|Real World Leadership Part 2: Accountability|
|By Sgt. Patrick Biel, MBA|
Accountability. It’s one of the biggest buzz words when it comes to Corrections. It is essential to our jobs, right down to the issued equipment we carry on a daily basis. In a leadership sense, however, we often talk about accountability as holding our subordinates responsible for their actions and non-actions. Why is it important to be accountable? Simply put, leaders and staff who are accountable do not waste time assigning blame to others, but rather they take responsibility of their choices, actions and behaviors. Those who are accountable seek out solutions to their own problems instead of pushing them off on others. Being accountable means taking ownership of what is assigned to you and making it your own. As a leader, it is essential to build a feeling of accountability not only with your staff, but with yourself personally. If you can create a sense of ownership that resonates with those you interact with, you as a leader will not be the only one holding others accountable, but your entire staff will hold each other to a higher standard.
Being accountable for your actions seems to have a negative connotation at times. Holding officers accountable does not simply mean assigning blame when something goes wrong. It also means recognizing when an officer has taken ownership and demonstrated positive actions. Fostering accountability with your staff can be as simple as praising an officer who has done something well or taken on additional responsibilities without being asked. For instance, if an officer goes out of their way to organize all of the equipment at their work station, they are being accountable for their assigned post. This is something that we as leaders need to notice and praise publicly with members of our staff. Doing so will build feelings of pride with the individual officer and, hopefully, give others on shift something to aspire to. It will show accountability as something beyond “calling someone out”.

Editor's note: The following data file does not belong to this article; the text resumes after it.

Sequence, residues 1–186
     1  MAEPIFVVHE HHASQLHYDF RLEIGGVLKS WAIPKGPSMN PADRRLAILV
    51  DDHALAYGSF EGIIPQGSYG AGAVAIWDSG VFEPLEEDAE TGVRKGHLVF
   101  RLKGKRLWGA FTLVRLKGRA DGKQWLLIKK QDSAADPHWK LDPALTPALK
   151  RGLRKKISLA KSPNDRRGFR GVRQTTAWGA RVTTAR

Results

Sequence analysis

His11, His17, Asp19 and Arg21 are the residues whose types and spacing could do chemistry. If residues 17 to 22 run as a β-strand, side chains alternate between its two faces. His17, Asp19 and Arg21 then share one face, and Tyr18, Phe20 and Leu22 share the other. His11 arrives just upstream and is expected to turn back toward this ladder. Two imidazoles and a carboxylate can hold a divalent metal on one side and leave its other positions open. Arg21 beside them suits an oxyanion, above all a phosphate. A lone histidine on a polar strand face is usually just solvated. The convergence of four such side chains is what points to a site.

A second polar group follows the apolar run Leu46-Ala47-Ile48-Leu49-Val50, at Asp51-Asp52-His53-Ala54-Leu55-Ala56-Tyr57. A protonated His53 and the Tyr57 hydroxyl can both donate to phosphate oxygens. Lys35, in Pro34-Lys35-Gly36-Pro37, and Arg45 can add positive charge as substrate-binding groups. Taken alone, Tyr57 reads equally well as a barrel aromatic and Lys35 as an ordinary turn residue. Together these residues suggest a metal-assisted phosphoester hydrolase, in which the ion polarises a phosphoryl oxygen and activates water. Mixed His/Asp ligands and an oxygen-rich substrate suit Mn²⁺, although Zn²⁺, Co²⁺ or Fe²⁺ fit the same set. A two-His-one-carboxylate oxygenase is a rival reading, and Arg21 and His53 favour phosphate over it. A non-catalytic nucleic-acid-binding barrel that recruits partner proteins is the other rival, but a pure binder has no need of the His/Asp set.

Another way to build a sense of accountability to officers, especially those who seem to be disinterested, is to assign additional tasks to them. Give them something to be responsible for and take pride in. In a Corrections setting, perhaps this means assigning them certain items that need to be inventoried each month then asking their opinion in regards to ordering new supplies. Have them take ownership of this project. When they have questions, which they will, have them research their own answers and if they have opinions about how the job could be done better, hear them out. Sometimes it only takes one small task to be a catalyst for further accountability.
When it comes to accountability as it pertains to leadership, President Harry S. Truman said it best, “The buck stops here!” This was so essential to President Truman’s leadership beliefs that he kept a placard with the saying on his desk. Accountability for leaders is taking responsibility for not only your actions, but those of your staff. If you preach accountability to your staff, but you yourself cannot subscribe to those principles then you and your staff will fail. If an officer who is under your supervision falls short on a task you have asked them to take on it may not solely be their fault. You need to be able to swallow your pride and take a look at where you too may have failed. Before you assign blame to your officer, ask yourself some questions. Did I give accurate or complete instructions before I asked this officer to take on this task? Did I make myself available when the officer had questions? Should I have asked the officer what they planned to do before they carried out their plan? Did I fail to seek input from my officer on how the job could be done better? Honestly answer these questions and take responsibility if necessary, it will pay dividends with your officers and staff.
Accountability is difficult. It is possibly the hardest thing as a leader to implement and then continue. It takes commitment every day. It is a constant evaluation of yourself, your staff and your practices and then a re-evaluation to make sure you are still upholding your commitment. This is what makes accountability so hard, not just with ourselves, but also with officers.
Sgt. Patrick Biel is an eleven year veteran of the Lee County Sheriff’s Office in Lee County, Florida. Sgt. Biel currently serves as the supervisor for the Transportation Unit in the Security and Inspections Division. Sgt. Biel has a bachelor’s degree from Florida State University in Criminology and an MBA from American Military University.
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